pretty evident to me that your embedding idea creates a huge bunch of
overhead even for intimidating complex apps that shuffle around a lot
with widget sytem internals. you might want to talk to some of the other
language binders we have around, afaik all of them use on-demand-proxy

> Let me emphasize that the Java Object header would only by added to
> Gtk objects *if* the mem_alloc_callback is non-null and allocates a
> Java object - i.e. only in Java/Gtk applications.

yep, that's pretty obvious. i hardly see the java bindings adding
allocation overhead to non-java-bound applications ;)

> > i don't think physical object embedding will provide you with any significant
> > advantages though. a much more viable alternative is probably to stick to
> > your java proxy approach and use something like (also pseudo code of course ;):
> > ...
> > JProxy*
> > gobject_get_jproxy (GObject *object)
> > {
> >   JProxy *jproxy = NULL;
> >   if (object)
> >     {
> >       jproxy = g_object_get_data (object, "java-proxy");
> >       if (!jproxy)
> >         {
> >           jproxy = jproxy_new_gobject (object);
> >       
> >           g_object_set_data_full (object, "java-proxy",
> >                                   jproxy, jproxy_gobject_died);
> >         }
> >     }
> >   return jproxy;
> > }
> > ...
> > however, with keeping java object proxies and creating them on demand,
> > you don't pay unecessary memory penalties per GObject,
> However, the memory penalty for usin proxies is much bigger, plus
> the time cost of mapping between a Java proxy and the GObject is
> much bigger.  How significant these are depends on how many objects
> need to access from Java.

the time costs, i'd guess, will be pretty insignificant.
for java->gobject it'll be a pure pointer field readout of
your implementation structures, and for gobject->proxy lookups,
you can use object_set/get_data indexed by quarks (similar to XAtoms,
GQuarks are global integer ids assigned to strings) which will in
2.0 boil down to a binary search through all the object data items
installed on that gobject (i.e. O(log2(n_data_items))).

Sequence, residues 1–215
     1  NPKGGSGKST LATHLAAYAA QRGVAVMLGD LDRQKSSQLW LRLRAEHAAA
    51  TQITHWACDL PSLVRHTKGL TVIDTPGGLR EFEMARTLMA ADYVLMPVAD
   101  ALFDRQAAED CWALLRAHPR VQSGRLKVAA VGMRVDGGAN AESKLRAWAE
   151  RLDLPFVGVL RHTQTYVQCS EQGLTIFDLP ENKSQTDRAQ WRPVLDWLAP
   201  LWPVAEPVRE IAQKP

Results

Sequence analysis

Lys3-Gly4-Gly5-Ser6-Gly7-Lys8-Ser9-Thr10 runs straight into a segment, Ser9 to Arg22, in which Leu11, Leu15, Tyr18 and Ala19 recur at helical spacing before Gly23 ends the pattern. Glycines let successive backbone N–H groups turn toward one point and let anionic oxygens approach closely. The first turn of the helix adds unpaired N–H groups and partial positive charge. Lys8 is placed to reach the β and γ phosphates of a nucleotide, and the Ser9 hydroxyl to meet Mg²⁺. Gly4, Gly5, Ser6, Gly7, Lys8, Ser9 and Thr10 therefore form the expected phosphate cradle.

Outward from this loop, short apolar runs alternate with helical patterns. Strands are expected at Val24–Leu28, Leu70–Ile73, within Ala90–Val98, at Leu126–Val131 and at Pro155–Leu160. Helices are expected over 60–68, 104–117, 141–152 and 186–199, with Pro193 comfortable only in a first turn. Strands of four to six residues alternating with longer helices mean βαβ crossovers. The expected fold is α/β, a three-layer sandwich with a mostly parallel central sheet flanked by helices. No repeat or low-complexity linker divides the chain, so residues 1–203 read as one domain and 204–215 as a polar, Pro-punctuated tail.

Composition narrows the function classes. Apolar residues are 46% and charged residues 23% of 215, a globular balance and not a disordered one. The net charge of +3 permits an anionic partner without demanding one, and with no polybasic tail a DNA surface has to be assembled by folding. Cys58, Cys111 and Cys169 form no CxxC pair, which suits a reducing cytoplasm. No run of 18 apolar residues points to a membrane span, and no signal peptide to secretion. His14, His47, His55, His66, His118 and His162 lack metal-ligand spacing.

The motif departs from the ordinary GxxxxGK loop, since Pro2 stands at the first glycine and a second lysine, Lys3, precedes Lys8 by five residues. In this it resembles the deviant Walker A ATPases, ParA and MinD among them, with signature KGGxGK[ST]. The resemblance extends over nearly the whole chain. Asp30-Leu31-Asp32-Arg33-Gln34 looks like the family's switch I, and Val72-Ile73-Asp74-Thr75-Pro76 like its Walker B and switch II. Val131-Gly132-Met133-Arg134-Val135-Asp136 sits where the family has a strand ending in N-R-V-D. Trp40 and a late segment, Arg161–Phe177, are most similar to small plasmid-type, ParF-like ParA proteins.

> One issue is garbage collection:  Each of the Java proxies has to be
> registered as a "root", so it doesn't go away until the GObject goes
> away *and* and references from Java go away.  This adds more overhead.

if you use dynamic proxies, you may even destroy those once java
references go away, release you gobject reference with that and
let the gobject live on, maintained by glib/gtk then. if it's later
rereferenced like say through contain.get_children(), you could
recreate the proxy. i'd think you can be way more memory efficient
with this approach.

> > also, at least at the object level, several language bindings can live
> > in the same adress space, say i have an application that provides GObject's
> > (not necessarily widgets) and want to provide scripting abilities for scheme
> > and java scripts that freak around with my objects. with language bindings
> > requiring physical embedding that's utterly impossible ;)
> I agree this is a concern that argues for the proxy approach.  However,
> the embedded approach does not preclude language mixing, as long as
> at most one language at a time needs to do embedding.  It may also be
> possible to use a hybrid approach, combining embedding and proxies,
> for the rare cases where that is needed.

hum, how'd you decide then which objects to force-create proxies
for then and which not? and how will language bindings figure
which one is in charge of doing extra object padding and which not?
to me, this sounds like an enourmous complexity imcrement at doubtfull

> But even if you think proxies is better than embedding, I think it is
> still worthwhile to offer embedding as an option, as long the cost to
> the gtk core is minor.  since it clearly is more efficient in at least

for one i think with the above i outlined why i don't believe that
the cost to the gtk core would be minor.
for another it's not at all clear to me in what apps you'd be
more efficient with your aproach. if you have some real figures to
back that up, i'd certainly be interested in them (e.g. by adding
counters to other already bound applications, not necessarily java,
and compare the amount of proxies vs. the amount of gtk objects).

> some applications.  Adding a mem_alloc_callback hook seems to me like
> a minor cost, especially since it seems like the kind of hook you want
> to have available anyway.

other than for your embedding idea, why would i want such kind of
allocation hook anyway?

> Of course if you want to use both Scheme and Java the solution
> is obvious: Use Kawa (  I should
> know that Kawa is an excellent Scheme implementation - after all,
> I wrote it!  (Less biased observers have agreed with me ...)

hm interesting, a scheme binding mapping back to java byte-code.
hadn't heared of that yet. on a more personal note, i'm toying with
support for multiple language backends for one of my applications,
scheme and ruby should definitely be an option, while java would
be nice as well. but i guess there's no ruby->java byte-code
project underway yet, is there? ;)

> -- 
> 	--Per Bothner